Ford worked with Japanese automakers during recession to buoy suppliers, book says

Now this is interesting....

By Jaclyn Trop
The Detroit News

Ford Motor Co. worked with two Japanese automakers to keep their suppliers afloat during the recession, according to a book by Detroit News automotive reporter Bryce G. Hoffman that will be released March 13.

The secret alliance was part of a broader effort by Ford to shore up its supply base after the financial crisis of 2008 pushed many parts manufacturers to the brink of bankruptcy.

According to "American Icon: Alan Mulally and the Fight to Save Ford Motor Company" (Crown Business), Ford gathered an internal team during the financial collapse toward the end of 2008 to study its supplier base. Known as Project Quark, the study assessed which suppliers could be at risk of collapse if Ford's competitors went bankrupt or discontinued a vehicle model.

Ford monitored the situation of each of its critical suppliers in real time and took steps to support those that it deemed critical to its own operations. Ford also worked with Toyota Motor Corp. and Honda Motor Co. to support their supplier base by buying from each others' suppliers, according to Hoffman.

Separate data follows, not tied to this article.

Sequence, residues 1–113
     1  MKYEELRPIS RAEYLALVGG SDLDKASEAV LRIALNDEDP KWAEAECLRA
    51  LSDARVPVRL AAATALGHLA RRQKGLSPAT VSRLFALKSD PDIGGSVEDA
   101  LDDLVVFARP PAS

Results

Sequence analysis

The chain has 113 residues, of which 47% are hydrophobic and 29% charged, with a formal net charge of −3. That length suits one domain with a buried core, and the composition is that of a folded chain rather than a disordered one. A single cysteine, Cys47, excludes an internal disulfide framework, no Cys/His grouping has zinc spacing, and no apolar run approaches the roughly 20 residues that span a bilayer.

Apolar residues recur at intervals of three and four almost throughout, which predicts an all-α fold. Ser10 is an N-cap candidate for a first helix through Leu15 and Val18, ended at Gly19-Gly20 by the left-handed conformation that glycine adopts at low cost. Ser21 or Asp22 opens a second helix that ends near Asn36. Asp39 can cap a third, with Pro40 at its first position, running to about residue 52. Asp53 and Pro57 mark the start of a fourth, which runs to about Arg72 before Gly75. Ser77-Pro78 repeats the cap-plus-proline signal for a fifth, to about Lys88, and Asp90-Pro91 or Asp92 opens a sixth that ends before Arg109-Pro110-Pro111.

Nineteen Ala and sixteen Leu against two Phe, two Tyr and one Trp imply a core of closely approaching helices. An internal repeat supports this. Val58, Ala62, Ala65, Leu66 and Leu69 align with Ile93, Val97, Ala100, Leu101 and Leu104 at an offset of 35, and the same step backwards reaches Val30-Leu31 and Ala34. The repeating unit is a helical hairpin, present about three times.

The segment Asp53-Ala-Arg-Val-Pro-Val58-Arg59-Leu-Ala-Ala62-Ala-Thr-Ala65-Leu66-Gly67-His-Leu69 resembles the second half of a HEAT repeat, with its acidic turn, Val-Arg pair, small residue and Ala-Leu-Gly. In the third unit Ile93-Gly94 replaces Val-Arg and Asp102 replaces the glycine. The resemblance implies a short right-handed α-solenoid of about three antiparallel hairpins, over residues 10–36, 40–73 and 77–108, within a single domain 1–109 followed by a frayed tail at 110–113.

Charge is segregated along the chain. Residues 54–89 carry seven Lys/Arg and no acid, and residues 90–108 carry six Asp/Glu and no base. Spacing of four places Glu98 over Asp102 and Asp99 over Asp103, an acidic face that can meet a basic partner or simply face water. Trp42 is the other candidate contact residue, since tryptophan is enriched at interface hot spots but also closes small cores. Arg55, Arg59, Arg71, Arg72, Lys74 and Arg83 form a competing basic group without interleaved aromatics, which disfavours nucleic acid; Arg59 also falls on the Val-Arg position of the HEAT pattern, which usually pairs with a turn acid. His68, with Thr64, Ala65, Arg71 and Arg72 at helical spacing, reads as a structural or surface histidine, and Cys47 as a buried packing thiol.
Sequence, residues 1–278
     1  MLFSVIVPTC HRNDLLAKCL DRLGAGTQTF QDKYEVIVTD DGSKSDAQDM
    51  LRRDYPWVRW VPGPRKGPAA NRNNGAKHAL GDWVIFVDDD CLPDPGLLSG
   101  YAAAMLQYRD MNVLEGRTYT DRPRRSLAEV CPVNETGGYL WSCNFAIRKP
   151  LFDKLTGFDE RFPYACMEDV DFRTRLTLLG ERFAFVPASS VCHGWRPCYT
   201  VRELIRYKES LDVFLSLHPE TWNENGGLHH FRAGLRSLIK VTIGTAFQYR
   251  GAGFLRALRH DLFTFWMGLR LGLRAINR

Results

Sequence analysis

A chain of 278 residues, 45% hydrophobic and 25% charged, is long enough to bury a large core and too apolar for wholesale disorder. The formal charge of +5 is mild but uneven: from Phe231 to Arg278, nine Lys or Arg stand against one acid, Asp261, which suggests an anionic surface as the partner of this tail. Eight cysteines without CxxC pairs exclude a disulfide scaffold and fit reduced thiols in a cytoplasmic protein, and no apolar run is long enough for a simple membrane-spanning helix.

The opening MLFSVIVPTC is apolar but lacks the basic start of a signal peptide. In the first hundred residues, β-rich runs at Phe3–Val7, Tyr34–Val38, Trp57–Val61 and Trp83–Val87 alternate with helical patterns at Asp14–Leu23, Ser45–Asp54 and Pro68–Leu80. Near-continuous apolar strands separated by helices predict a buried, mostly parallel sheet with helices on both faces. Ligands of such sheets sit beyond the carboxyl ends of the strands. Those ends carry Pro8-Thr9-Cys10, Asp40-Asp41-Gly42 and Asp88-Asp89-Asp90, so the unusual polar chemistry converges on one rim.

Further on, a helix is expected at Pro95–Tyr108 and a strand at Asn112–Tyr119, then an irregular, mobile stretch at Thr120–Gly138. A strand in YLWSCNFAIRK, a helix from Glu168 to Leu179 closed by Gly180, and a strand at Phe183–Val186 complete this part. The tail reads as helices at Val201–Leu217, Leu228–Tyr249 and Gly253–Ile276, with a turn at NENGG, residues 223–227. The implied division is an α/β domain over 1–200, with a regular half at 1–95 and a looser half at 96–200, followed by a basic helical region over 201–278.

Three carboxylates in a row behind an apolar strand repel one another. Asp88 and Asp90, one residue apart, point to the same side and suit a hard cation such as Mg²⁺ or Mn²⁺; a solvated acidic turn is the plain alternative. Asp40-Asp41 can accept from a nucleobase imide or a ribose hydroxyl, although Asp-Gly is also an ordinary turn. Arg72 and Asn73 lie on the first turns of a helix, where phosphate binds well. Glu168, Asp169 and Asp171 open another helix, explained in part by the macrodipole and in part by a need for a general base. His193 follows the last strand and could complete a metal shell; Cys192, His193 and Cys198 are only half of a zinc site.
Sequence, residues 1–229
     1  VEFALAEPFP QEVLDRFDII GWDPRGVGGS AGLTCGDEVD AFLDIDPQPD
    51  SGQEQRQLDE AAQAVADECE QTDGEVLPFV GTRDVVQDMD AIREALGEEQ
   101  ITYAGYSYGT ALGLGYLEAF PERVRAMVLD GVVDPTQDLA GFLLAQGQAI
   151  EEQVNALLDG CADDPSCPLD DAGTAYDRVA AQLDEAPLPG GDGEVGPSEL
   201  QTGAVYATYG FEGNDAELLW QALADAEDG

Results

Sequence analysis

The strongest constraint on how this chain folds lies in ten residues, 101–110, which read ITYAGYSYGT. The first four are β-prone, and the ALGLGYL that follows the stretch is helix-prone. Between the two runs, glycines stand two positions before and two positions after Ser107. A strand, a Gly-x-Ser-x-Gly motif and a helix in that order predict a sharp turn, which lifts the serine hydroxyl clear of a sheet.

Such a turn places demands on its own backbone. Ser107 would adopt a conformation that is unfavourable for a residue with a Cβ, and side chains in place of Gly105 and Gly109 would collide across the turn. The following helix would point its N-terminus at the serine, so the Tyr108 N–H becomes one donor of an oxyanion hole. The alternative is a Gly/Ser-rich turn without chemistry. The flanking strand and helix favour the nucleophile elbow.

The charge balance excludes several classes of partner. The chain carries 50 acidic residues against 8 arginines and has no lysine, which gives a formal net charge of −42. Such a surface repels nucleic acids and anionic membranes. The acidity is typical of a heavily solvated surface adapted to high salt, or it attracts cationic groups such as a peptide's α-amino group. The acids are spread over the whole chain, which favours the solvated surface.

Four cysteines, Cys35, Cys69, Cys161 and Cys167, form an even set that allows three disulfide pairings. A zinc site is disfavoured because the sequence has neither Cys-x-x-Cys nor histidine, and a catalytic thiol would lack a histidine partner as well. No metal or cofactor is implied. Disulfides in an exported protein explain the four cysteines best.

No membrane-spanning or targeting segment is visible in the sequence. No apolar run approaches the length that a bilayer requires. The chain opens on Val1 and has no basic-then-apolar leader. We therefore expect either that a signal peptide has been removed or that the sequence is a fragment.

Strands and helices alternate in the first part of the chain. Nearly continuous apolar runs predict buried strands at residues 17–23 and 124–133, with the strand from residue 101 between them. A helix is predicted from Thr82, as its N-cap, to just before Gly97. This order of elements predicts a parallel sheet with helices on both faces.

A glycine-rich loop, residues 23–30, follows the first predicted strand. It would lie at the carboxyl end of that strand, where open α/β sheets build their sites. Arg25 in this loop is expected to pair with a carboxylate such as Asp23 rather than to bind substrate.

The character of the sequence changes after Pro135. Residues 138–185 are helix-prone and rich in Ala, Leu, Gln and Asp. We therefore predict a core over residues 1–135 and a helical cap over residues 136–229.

General Motor Corp. declined to participate over concerns of the arrangement's legality and their own restructuring efforts, Hoffman reported.

Ford's own antitrust attorneys "carefully vetted" each trade among Ford, Toyota and Honda to support their suppliers, according to the book.

Chrysler, which was then headed toward bankruptcy, did not participate.

With Ford Motor Co.'s cooperation, "American Icon" tells the behind-the-scenes account of the automaker's turnaround.

Project Quark is still alive "in the sense that we maintain a robust database of our supplier to see how they would be affected by a change in the industry," said Ford spokesman Todd Nissen.
"American Icon" will be excerpted in The Detroit News beginning March 12.